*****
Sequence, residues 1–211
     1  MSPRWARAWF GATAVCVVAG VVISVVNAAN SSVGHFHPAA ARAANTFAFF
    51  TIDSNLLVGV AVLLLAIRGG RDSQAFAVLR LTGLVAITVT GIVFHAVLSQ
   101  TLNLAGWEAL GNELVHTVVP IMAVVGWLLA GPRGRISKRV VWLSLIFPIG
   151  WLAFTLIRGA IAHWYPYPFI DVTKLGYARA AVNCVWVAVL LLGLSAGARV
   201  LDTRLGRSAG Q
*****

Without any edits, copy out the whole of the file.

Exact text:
Sequence, residues 1–211
     1  MSPRWARAWF GATAVCVVAG VVISVVNAAN SSVGHFHPAA ARAANTFAFF
    51  TIDSNLLVGV AVLLLAIRGG RDSQAFAVLR LTGLVAITVT GIVFHAVLSQ
   101  TLNLAGWEAL GNELVHTVVP IMAVVGWLLA GPRGRISKRV VWLSLIFPIG
   151  WLAFTLIRGA IAHWYPYPFI DVTKLGYARA AVNCVWVAVL LLGLSAGARV
   201  LDTRLGRSAG Q